• Employers in Serbia - take caution: overtime records and heavier fines
  • January 23, 2018

  • LABOUR LAW NEWS:

    EMPLOYER’S DUTY TO KEEP DAILY OVERTIME RECORDS

    Please note some important novelties introduced by the Law Amending the Labour Law (“RS Official Gazette”, Nos. 24/2005, 61/2005, 54/2009, 32/2013, 75/2014, 13/2017 – Decision of Constitutional Court and 113/2017), (hereinafter: “Law”), applicable as of 25 December 2017.

    Employer’s duty to keep daily records of employees’ overtime work

    The Amendments to the Law introduced a duty on part of the employer to duly keep day-to-day records of its employees’ overtime work. These overtime records should also serve as evidence of overtime work at the employer, required along with the already prescribed duty on part of the employer to adopt a decision introducing the overtime work, defining the types of jobs, commencement and duration of overtime.

    As a reason for introducing this provision, the legislator has argued that the Labour Inspectorate was unable to determine whether there were any overtime cases at the employer, and that, as a rule, employees are not paid for the overtime work that is not recorded, although the Law on Records-Keeping at Work provides for the duty to keep records of working hours, including the working hours over and above the full-time working hours.

    The Amendments to the Law provide for misdemeanour liability in case of failure to keep daily records of overtime work, prescribing fines ranging between 150,000 and 300,000 RSD for the employers as legal entities and between 50,000 and 150,000 RSD for sole proprietors, while the responsible person at the legal entity may be fined between 10,000 and 20,000 RSD.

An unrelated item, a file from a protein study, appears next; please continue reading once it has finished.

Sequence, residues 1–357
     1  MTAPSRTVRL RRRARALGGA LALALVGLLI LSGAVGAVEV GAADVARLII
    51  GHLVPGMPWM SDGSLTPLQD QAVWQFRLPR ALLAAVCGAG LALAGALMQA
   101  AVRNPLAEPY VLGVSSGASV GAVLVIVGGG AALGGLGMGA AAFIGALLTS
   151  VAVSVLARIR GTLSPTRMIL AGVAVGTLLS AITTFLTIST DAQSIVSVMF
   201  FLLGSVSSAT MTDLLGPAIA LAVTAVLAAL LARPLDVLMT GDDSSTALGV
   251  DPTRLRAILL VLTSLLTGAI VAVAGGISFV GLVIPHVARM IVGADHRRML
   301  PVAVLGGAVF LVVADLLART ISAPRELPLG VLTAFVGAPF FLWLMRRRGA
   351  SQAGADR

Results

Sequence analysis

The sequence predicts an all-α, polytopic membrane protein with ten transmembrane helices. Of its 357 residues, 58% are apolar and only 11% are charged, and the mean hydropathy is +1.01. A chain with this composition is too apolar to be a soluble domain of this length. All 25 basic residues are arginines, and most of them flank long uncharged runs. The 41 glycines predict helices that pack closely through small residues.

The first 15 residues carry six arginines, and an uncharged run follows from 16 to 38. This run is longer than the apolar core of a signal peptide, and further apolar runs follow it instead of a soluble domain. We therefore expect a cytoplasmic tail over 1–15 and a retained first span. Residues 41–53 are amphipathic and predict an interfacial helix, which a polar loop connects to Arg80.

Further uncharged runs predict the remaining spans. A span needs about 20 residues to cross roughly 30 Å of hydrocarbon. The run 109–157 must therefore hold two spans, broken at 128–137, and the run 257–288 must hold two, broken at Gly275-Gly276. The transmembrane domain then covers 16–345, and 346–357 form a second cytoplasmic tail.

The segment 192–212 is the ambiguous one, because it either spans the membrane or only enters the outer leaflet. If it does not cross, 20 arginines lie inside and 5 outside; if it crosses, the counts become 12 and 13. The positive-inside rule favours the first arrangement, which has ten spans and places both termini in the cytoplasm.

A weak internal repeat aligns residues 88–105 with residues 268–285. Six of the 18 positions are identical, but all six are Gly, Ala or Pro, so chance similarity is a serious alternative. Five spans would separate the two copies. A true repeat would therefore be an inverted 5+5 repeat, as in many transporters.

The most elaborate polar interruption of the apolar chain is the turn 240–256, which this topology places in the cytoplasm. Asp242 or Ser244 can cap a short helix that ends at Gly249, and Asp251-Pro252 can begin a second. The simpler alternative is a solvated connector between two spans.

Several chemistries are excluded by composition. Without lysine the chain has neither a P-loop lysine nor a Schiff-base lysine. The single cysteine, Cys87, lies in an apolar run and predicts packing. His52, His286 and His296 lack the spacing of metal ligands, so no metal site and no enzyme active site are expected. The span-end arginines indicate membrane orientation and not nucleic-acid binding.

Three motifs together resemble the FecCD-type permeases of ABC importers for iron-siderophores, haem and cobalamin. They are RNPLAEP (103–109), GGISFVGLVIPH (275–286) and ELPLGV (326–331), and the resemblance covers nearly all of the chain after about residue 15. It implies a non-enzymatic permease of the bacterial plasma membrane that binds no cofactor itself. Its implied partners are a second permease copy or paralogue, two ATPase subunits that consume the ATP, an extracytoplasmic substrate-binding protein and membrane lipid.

Change in delivery of Notice of the grounds for dismissal

    The Notice of the grounds for dismissal must be delivered to the employee in the same way as provided for delivery of the Decision on dismissal (personal delivery, at Employer’s premises, or at permanent or temporary residence).

    Change in deadlines for applying for mandatory social security

    Employer has the duty, based on a contract of employment or another contract for work performance concluded in accordance with the Law, to submit the unique application for mandatory social security within the deadlines provided by the Law governing the Central Register of Mandatory Social Security, however at the latest before the employee or another hired person commences work.

    New amounts of fines for certain misdemeanours

    - Denying employee’s right to severance pay -

    In case the employer fails to pay to the employee the severance pay upon termination of employment contract due to technological, economic or organisational changes, such conduct will trigger employer’s misdemeanours liability and fines ranging between 400,000 and 1,000,000 RSD for employers as legal entities and between 100,000 and 300,000 RSD for sole proprietors, while the responsible person at the legal entity may be fined between 20,000 and 40,000 RSD.

    - Other misdemeanours -

    When conducting inspection, a Labour Inspector may initiate misdemeanour proceedings for the misdemeanours governed by Article 276 of the Law, specifically: if the employer fails to keep the original contract or a copy of the employment contract, fails to keep daily records of employees’ overtime work, fails to provide breaks during daily work, daily and weekly rest, fails to allow the employee to use paid leave, fails to keep monthly records of earnings and compensation of earnings, denies the employee the right to a notice period, or compensation of earnings.

    The above breaches of the Law will now trigger larger fines than before, ranging between 150,000 and 300,000 RSD (previously 100,000 RSD) for employers as legal entities and between 50,000 and 150,000 RSD for sole proprietors (previously 50,000 RSD), while the responsible person or the representative at the legal entity may be fined between 10,000 and 20,000 RSD (previously 10,000 RSD).